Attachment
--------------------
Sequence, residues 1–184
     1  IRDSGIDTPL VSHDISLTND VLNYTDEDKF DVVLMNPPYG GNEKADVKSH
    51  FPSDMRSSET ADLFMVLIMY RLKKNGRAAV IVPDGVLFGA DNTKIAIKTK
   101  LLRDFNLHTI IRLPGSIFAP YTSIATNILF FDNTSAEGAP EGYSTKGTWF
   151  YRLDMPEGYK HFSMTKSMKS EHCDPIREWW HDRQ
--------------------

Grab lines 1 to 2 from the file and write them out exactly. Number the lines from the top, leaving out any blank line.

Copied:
Sequence, residues 1–184
     1  IRDSGIDTPL VSHDISLTND VLNYTDEDKF DVVLMNPPYG GNEKADVKSH